Approximately two out of every three people living in Australia will be diagnosed with skin cancer at some point before they reach the age of 70. It’s true that part of this has to do with the climate in our country and our general lifestyle.
In addition, another study revealed that around 200 instances of melanoma and more than 34,000 other skin cancer cases per year happen due to occupational exposures. That means most of these people don’t have a say in the matter because they are exposed to the sun as part of their work.
However, if it’s caught early, skin cancer — even melanoma — is treatable. In fact, an estimated 69% of people who are diagnosed with skin cancer in Australia are still alive five years after their diagnosis.
For those who have had a skin cancer and have completed treatment, the thought of it returning is something nobody wants to think about. But it’s also a possibility that you need to be prepared for.
Skin cancer coming back can happen in the same location as the original instance, or it could be somewhere else. It could happen immediately, or it can happen decades later.
Here are a number of essential warning signs that you must keep in mind.
The Signs of Basal Cell Carcinoma Recurrence
For those who have had basal cell carcinoma (BBC), they have an increased risk of developing a recurrent basal cell cancer. In fact, it was estimated that 50% of BCC patients are very likely to experience basal cell carcinoma recurrence within five years of the first diagnosis.
Once you’ve finished treatment for BCC, it’s crucial to conduct self-examinations regularly. Check for new symptoms, and if you detect some, tell your dermatologist right away.
It may recur in the same location or elsewhere in the body. Generally speaking, BCC tumours are more likely to recur if they meet one or all the following characteristics:
- They were a very large size when they were originally detected
- They have unclear borders
- They have already recurred at least one time
- They begin to develop at the site of some type of prior radiation therapy or other treatment
- They surround a particular nerve or are in a similar location
- They appear suddenly and grow very aggressively
The Signs of a Squamous Cell Carcinoma Recurrence
Experts recommend that you get a complete skin examination after an SCC diagnosis every three to 12 months for the first two years. It’s also recommended that you have follow up examinations every six to 12 months for the next three years.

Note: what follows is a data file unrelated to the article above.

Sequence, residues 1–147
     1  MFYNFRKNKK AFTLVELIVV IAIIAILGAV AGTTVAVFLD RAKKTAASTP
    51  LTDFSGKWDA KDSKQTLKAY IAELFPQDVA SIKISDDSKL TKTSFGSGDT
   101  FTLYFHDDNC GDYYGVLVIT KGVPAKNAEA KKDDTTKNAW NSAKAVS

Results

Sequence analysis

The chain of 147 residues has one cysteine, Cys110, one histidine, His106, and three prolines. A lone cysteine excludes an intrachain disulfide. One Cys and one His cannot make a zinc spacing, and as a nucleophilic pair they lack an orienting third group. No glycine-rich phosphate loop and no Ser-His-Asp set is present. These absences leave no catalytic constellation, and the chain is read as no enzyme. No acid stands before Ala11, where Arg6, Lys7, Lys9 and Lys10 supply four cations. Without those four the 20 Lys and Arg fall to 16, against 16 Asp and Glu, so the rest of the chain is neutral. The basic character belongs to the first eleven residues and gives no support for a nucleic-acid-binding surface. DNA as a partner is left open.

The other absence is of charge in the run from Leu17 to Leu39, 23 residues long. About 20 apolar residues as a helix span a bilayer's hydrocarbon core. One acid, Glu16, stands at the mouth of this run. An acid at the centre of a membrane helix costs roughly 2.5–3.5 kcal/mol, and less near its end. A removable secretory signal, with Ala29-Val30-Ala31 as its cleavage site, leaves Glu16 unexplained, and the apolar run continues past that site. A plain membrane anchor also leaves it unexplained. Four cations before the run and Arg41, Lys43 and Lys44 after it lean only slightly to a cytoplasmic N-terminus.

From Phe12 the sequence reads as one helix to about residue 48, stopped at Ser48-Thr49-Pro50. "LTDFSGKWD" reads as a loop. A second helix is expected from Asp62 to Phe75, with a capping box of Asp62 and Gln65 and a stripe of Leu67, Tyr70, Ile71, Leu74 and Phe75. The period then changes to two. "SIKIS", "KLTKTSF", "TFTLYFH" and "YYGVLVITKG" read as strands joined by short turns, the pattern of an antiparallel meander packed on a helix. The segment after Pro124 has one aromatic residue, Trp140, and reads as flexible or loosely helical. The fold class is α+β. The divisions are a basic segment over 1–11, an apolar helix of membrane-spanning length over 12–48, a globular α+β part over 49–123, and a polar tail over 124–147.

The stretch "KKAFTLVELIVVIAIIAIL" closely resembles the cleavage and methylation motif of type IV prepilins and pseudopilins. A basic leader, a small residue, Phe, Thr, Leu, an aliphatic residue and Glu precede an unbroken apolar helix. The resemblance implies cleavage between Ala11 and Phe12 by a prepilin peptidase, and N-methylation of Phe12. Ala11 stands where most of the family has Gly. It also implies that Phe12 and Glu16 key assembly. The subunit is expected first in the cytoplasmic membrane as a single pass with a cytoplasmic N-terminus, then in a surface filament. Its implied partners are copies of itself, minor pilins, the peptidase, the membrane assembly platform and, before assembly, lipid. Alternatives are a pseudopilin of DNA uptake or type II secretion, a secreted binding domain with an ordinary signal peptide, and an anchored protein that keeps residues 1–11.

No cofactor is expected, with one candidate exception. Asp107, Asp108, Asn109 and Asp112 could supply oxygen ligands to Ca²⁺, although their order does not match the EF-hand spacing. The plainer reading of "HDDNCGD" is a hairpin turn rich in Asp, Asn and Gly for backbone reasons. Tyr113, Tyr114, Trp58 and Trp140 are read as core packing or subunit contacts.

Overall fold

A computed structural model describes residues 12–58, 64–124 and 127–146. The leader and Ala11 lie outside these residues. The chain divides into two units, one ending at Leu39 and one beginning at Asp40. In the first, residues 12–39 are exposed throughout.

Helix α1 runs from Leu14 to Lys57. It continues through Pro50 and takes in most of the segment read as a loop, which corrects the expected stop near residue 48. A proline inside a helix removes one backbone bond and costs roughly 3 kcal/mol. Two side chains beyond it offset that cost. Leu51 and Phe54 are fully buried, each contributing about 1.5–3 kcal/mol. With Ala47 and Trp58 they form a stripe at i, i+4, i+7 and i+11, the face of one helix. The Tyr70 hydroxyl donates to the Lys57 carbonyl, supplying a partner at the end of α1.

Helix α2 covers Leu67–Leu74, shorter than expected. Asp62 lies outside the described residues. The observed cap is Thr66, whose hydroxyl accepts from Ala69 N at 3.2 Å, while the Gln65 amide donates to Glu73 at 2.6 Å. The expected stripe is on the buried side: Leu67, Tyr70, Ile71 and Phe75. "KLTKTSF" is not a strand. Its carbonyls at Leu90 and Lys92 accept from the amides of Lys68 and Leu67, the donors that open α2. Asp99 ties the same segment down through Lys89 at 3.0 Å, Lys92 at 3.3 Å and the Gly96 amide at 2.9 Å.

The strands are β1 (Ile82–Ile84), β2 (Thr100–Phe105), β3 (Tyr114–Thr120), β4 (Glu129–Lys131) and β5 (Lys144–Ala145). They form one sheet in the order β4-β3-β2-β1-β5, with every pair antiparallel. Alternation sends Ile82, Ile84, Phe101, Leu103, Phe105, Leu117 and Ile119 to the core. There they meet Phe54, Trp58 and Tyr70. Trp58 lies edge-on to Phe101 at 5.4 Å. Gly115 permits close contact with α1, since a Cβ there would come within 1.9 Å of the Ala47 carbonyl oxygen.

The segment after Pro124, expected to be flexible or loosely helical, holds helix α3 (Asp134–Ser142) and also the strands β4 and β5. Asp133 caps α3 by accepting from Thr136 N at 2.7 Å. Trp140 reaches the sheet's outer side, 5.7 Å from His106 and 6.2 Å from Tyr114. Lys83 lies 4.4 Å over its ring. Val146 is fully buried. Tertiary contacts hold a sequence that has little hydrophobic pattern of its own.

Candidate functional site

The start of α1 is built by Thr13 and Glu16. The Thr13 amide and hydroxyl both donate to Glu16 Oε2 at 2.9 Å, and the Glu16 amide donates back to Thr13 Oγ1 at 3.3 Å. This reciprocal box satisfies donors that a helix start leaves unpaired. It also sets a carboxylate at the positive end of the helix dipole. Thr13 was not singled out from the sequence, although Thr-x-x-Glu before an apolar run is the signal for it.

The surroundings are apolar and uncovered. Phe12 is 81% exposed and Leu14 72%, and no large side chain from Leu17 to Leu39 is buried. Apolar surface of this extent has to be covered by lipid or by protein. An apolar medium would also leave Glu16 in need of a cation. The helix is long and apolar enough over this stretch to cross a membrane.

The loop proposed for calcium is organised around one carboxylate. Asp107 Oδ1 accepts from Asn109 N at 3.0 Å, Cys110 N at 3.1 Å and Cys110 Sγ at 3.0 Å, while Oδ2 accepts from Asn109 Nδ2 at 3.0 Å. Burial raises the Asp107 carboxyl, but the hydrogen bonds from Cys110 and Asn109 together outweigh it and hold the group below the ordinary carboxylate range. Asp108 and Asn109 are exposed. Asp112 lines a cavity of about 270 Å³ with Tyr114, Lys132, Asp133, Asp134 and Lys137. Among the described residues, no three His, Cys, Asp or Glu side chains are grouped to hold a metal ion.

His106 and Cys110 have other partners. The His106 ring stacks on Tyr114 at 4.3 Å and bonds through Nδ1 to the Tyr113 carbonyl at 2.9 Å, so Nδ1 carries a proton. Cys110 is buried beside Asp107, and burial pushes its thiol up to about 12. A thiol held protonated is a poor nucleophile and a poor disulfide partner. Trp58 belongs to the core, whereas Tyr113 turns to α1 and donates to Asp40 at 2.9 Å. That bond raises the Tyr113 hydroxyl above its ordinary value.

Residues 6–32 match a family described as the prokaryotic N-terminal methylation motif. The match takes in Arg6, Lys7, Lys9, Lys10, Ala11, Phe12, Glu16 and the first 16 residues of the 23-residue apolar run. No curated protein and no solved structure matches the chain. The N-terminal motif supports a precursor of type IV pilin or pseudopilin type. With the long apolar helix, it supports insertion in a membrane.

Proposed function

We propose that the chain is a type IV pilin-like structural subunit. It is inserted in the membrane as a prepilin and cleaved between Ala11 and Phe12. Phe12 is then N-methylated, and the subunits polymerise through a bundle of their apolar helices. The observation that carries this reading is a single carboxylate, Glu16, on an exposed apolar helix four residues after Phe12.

Then, as is true with other types of skin cancer, you’ll need yearly skin examinations for the rest of your life.
- It will appear thicker than two millimetres in size.
- It will be a more invasive tumour, characterised by your physician as either Clark Level IV or V.
- It will begin to grow around a nerve, a lymph vessel, or a blood vessel
- Your doctor will be able to see the SCC cells when they examine your tumour under a microscope.
- These cells will immediately vary in appearance from normal tissue. This means that they are “poorly differentiated” or “undifferentiated” cells, as opposed to cells with a regular amount of differentiation.
- Your original treatment was something other than Mohs surgery, which is the treatment technique with the lowest five-year recurrence rate.
The Signs of a Melanoma Recurrence
Your follow-up rate for melanoma will vary depending at which stage the melanoma was detected and excised.
If the tumour was detected in Stage 0 — or melanoma in situ, for example — it is recommended that you have yearly examinations for the rest of your life.
On the other end of the spectrum is Stage IIB-IV, which requires an examination every three to six months for two years. Then, regular examinations every three to 12 months for the next three years. Finally, as is true with other types of skin cancer, you will need to have yearly examinations for the rest of your life.
The signs of melanoma skin cancer coming back are unfortunately a bit more vague than the other forms. But you need to remember that the most important risk factor here is on which cancer stage you had during your original melanoma.
Melanoma in situ recurs less frequently and after longer periods of time. Later stages recur more often and much faster.
The important thing to understand is that melanoma can easily recur either at the original affected tissue or in other areas like your lymph nodes, so if a suspicious mole appears anywhere on your body, you need to have it checked as soon as possible.
MoleMap: Information Is Your Most Powerful Weapon
In the fight against melanoma and other skin cancers — both initially and in terms of a recurrence — the best defence is early detection.
That’s why at MoleMap, since 1997, we have been a trusted provider of advanced melanoma detection and surveillance services in Australia through our network of national clinics.
We use the most thorough and trusted skin cancer detection technology in the world. Our experienced registered nurse melanographers are trained to detect lesions of concern. They provide services including spot checks, skin checks and a full body molemap. Our team of highly trained and independent dermatologists are experts at diagnosing early stage melanoma. Because MoleMap can more accurately identify melanoma, there is less need to surgically remove benign (harmless) moles.
The sooner you detect a skin cancer recurrence, the sooner you can act.
If you’d like to more information about the essential warning signs that you must be aware of in terms of a skin cancer recurrence, or if you would like to book in with an expert melanographer to have a mole of concern diagnosed by a dermatologist, contact MoleMap today.